, Volume 3, Issue 3, pp 137-147,
Open Access This content is freely available online to anyone, anywhere at any time.
Date: 13 Jun 2009

Cancer survivorship research: the challenge of recruiting adult long term cancer survivors from a cooperative clinical trials group



With the growing number of adult cancer survivors, there is increasing need for information that links potential late and long term effects with specific treatment regimens. Few adult cancer patients are treated on clinical trials; however, patients previously enrolled in these trials are an important source of information about treatment-related late effects.


Focusing on colorectal cancer survivors, we used the database from five phase III randomized clinical trials from the National Surgical Adjuvant Breast & Bowel Project (NSABP) to recruit and enroll long term survivors in a study of late health outcomes and quality of life. We describe the challenges to recruitment of patients more than 5 –20 years after treatment.


Sixty-five NSABP treatment sites were invited to enroll patients in the study. Sixty participated with the potential to recruit 2,408 patients. We received registration forms on only 976 patients (41%) of whom 744 (76%) expressed interest in participating and 708 completed interviews (95% of those expressing interest; 29% of total potential sample). There were multiple barriers to recruitment (difficulty locating patients, lack of institutional commitment, lack of patient interest).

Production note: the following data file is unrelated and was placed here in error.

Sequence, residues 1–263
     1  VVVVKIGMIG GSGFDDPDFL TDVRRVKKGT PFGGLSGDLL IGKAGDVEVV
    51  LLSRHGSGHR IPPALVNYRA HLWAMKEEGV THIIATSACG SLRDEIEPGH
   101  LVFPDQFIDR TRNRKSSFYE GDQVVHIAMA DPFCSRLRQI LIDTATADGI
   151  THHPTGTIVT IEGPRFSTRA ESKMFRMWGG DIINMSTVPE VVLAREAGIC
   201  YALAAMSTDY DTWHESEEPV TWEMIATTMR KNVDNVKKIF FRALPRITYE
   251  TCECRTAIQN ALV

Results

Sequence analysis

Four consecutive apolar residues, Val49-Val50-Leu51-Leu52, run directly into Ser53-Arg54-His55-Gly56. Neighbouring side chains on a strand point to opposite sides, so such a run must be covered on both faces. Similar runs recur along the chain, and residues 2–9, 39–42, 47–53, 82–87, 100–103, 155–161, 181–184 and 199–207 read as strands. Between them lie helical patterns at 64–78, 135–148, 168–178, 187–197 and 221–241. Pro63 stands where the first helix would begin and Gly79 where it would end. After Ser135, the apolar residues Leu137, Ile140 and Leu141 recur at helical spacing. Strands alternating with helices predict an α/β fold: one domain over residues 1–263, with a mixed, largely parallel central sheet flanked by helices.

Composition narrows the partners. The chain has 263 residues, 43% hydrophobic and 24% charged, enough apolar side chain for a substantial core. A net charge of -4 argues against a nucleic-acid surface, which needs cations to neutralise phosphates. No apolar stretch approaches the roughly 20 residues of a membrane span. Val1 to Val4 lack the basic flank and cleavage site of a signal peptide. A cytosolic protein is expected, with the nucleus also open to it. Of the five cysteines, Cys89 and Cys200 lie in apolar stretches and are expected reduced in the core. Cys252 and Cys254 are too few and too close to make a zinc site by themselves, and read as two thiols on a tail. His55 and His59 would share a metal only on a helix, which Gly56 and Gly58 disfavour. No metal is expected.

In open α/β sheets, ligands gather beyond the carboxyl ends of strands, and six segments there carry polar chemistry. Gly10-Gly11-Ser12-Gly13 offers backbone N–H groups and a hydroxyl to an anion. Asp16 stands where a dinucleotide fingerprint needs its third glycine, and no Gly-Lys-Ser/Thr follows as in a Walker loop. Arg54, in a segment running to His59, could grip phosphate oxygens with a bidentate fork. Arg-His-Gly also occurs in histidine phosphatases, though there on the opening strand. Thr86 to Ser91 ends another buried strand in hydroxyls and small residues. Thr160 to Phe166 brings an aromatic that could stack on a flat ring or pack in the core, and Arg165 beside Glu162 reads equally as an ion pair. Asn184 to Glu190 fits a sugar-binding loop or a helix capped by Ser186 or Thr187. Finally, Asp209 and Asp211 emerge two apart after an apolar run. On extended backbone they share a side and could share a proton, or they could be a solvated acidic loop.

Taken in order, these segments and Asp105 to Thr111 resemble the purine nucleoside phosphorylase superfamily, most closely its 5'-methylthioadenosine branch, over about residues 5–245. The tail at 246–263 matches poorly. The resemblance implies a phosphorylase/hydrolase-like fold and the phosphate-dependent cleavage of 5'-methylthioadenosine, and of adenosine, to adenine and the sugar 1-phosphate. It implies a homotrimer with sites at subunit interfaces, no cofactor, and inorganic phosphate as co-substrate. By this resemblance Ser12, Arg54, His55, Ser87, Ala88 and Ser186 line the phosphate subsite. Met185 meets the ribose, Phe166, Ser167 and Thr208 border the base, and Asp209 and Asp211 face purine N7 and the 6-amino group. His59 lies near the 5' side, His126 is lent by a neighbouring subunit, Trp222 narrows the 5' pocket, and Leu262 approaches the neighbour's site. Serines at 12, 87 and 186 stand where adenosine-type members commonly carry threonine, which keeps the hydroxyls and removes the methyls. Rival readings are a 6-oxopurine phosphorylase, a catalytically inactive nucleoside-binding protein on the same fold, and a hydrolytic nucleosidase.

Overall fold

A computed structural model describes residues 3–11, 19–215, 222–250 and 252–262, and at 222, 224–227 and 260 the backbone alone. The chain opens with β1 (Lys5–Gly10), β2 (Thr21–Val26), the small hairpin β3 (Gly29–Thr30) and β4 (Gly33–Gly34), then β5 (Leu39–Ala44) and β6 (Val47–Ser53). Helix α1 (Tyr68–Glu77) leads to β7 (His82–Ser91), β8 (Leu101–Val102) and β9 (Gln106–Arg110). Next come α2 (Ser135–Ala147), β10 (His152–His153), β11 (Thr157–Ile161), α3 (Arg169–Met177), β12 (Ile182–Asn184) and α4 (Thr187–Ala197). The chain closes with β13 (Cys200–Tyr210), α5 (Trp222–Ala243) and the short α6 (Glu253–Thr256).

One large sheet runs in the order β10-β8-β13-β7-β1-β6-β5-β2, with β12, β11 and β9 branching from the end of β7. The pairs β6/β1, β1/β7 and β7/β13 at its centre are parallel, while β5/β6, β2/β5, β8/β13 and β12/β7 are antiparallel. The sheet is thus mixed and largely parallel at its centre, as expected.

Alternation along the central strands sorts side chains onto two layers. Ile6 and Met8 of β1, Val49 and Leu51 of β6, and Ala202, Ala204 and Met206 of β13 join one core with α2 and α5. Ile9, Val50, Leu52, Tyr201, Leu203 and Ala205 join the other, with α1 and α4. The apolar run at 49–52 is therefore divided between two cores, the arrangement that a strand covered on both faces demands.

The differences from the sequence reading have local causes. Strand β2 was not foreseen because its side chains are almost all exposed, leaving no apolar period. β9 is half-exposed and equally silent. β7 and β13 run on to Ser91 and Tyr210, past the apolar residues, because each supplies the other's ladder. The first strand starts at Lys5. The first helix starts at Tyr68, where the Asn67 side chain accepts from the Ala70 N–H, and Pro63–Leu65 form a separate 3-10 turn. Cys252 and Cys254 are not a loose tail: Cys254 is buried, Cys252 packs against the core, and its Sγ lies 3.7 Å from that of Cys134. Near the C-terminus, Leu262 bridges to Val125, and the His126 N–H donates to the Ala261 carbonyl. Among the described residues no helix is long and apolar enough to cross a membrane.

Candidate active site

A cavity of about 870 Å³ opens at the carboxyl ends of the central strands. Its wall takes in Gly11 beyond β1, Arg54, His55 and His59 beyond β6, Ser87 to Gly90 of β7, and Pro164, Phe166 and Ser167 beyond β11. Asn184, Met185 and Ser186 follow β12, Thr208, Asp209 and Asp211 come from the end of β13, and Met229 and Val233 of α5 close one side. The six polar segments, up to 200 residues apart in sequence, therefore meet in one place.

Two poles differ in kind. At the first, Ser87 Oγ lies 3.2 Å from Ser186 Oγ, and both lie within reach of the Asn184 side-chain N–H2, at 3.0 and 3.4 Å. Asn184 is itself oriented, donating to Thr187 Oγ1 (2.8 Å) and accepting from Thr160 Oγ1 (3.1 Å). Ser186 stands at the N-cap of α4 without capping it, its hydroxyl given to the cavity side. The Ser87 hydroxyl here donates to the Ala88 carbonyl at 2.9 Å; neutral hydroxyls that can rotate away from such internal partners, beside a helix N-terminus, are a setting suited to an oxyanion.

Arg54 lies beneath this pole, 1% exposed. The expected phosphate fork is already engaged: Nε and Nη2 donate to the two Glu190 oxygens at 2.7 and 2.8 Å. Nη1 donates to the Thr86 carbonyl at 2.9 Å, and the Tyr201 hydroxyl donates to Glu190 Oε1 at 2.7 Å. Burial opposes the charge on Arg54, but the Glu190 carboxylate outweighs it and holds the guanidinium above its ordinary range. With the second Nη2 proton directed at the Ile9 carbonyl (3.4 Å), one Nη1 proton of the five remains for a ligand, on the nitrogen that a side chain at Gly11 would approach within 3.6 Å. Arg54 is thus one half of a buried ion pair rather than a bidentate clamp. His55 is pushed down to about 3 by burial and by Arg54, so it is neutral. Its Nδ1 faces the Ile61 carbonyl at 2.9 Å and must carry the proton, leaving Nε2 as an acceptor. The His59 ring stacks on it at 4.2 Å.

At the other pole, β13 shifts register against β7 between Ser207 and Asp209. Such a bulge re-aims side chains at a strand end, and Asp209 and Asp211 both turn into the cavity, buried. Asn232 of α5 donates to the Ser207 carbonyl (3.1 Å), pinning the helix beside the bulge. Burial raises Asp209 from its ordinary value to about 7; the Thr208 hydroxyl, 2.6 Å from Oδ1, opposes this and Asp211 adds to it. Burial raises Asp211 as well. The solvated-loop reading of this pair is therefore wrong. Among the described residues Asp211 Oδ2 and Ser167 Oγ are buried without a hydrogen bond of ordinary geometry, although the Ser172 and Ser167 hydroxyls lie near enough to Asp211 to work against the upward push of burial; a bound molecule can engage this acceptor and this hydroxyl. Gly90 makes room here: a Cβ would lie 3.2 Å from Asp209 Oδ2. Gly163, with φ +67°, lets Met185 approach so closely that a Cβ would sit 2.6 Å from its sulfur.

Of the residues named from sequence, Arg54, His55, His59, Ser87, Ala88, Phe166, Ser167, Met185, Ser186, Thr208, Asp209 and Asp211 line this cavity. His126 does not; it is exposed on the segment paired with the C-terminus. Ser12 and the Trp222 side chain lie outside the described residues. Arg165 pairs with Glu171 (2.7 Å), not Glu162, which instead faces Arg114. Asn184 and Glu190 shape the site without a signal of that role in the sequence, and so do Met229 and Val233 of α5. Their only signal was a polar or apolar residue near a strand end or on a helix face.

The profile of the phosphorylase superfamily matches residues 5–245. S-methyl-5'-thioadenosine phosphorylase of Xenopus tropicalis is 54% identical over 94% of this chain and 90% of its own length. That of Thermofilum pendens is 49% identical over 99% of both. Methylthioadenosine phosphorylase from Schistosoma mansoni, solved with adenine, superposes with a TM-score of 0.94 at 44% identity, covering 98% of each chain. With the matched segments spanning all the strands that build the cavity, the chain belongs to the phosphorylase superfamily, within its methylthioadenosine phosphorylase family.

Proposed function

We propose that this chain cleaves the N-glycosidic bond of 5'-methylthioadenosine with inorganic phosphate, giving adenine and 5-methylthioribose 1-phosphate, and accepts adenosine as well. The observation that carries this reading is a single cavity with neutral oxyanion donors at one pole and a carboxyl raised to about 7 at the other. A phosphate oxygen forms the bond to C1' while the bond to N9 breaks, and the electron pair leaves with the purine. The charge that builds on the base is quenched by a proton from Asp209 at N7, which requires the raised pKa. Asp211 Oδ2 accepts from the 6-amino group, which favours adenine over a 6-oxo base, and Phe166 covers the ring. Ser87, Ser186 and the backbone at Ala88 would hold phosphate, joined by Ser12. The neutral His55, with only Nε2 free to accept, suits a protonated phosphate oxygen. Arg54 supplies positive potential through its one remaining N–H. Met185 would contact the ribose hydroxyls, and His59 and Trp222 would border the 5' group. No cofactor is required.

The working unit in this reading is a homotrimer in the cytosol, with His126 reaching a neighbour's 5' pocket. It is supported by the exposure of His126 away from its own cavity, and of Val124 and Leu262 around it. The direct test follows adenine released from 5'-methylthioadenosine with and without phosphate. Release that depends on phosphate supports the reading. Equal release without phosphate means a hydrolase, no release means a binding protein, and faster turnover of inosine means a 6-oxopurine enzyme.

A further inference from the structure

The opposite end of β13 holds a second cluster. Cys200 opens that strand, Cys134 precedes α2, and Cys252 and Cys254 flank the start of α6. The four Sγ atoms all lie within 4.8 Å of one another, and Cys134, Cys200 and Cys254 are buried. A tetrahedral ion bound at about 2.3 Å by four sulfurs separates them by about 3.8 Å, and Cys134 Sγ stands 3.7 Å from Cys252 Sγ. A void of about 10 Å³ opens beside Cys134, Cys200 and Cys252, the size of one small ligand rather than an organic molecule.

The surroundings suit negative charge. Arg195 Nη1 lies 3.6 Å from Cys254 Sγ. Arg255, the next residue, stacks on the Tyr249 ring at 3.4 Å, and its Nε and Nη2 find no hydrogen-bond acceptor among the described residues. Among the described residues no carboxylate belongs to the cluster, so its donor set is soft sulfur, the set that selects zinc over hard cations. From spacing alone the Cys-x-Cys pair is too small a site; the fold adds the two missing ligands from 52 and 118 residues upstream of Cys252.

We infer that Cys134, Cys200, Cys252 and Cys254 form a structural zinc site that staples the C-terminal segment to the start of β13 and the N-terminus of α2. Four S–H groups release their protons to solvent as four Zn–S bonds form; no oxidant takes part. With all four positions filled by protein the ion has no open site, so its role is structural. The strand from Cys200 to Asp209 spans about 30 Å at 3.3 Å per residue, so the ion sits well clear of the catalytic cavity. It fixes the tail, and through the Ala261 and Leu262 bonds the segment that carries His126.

Patients treated on clinical trials are an important potential source for examining the late effects of cancer treatments. Retrospective recruitment has substantial limitations. In the future, mechanisms should be established for prospective long-term follow-up to identify and understand the frequency and type of late effects associated with cancer treatments.

Implications for Cancer Survivors

As cancer patients are living longer, it will be important to learn from participants in clinical trials whether or not specific treatment regimens are associated with any serious late effects.